Written by Doris Lessing, as published in The Voluntaryist, February 1992.
It is particularly hard for young people, faced with what seem like impervious walls of obstacles, to have belief in their ability to change things, to keep their personal and individual viewpoints intact. I remember very clearly how it seemed to me in my late teens and early 20s, seeing only what seemed to be impregnable systems of thought, of belief—governments that seemed unshakable. But what has happened to those governments—like the white government in Southern Rhodesia, for instance? To those powerful systems of faith like Nazism, Italian Fascism and Stalinism? To the British Empire—to all the European empires, in fact, so recently powerful? They have all gone, and in such a short time.
Looking back, I no longer see enormous blocs, nations, movements, systems, faiths, religions—only individuals, people who when I was young I might have valued, but not with much belief in the possibility of their changing anything. Looking back, I see what a great influence an individual may have, even an apparently obscure person, living a small, quiet life. It is individuals who change societies, give birth to ideas; who, standing out against tides of opinion, change them. This is as true in open societies as it is in oppressive societies, but of course the casualty rate in the closed societies is higher. Everything that has ever happened to me has taught me to value the individual, the person who cultivates and preserves her or his own ways of thinking, who stands out against group thinking, group pressures or who, conforming no more than is necessary to group pressures, quietly preserves individual thinking and development.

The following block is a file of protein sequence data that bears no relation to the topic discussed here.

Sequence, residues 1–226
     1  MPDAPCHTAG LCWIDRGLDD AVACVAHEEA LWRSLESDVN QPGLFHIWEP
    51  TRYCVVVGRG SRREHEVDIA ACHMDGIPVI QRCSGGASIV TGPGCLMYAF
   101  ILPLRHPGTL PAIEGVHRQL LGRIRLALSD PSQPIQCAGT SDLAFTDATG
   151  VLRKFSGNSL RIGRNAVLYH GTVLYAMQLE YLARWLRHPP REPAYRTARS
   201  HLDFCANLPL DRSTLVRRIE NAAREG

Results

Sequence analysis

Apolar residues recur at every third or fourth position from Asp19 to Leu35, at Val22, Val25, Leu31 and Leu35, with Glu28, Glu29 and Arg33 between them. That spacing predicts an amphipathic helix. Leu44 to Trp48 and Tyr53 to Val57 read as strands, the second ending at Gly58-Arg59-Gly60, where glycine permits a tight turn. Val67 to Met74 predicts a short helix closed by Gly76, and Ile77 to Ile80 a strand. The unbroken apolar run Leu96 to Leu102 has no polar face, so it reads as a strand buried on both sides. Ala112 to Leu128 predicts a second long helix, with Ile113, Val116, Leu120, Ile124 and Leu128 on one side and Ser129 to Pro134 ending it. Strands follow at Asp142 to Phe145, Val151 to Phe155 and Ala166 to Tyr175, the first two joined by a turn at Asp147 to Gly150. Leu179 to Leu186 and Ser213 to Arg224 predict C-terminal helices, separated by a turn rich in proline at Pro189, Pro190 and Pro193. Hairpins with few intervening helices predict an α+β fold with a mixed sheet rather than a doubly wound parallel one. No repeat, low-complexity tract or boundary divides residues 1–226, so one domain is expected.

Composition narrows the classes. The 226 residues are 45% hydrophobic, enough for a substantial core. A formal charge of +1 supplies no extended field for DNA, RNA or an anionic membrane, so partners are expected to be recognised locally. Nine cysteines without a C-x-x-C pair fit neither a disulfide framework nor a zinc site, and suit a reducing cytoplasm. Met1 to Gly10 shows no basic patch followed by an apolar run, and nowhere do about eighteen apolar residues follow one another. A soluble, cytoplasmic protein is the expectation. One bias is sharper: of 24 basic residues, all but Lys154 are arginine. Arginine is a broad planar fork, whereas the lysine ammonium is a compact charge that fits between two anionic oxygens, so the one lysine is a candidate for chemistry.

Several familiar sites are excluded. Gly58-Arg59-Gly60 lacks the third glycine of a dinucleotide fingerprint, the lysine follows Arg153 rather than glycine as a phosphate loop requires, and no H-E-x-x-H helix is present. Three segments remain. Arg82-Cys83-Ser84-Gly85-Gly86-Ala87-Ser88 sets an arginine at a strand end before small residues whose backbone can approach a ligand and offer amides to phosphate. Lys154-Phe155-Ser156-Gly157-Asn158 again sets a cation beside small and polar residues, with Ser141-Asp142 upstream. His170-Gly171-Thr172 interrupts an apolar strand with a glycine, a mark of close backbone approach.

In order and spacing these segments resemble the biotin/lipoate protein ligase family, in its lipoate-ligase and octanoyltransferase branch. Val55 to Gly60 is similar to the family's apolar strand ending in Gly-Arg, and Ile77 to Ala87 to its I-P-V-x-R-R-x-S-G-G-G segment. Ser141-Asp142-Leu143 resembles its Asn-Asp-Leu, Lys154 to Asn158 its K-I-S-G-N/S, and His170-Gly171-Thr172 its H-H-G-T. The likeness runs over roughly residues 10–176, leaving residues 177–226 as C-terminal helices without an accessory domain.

I am not at all talking about eccentrics, about whom such a fuss is made in Britain. Only a very rigid and conforming society could have produced the idea of an eccentric in the first place. Eccentrics tend to be in love with the image of eccentricity and, once embarked on this path, become more and more picturesque, developing eccentricity for its own sake. No, I am talking about people who think about what is going on in the world, who try to assimilate information about our history, about how we behave and function—people who advance humanity as a whole.
It is my belief that an intelligent and forward-looking society would do everything possible to produce such individuals instead of, as happens very often, suppressing them. But if governments, if cultures, don’t encourage their production, then individuals and groups can and should.
Such people, such individuals, will be a most productive yeast and ferment, and lucky the society who has plenty of them.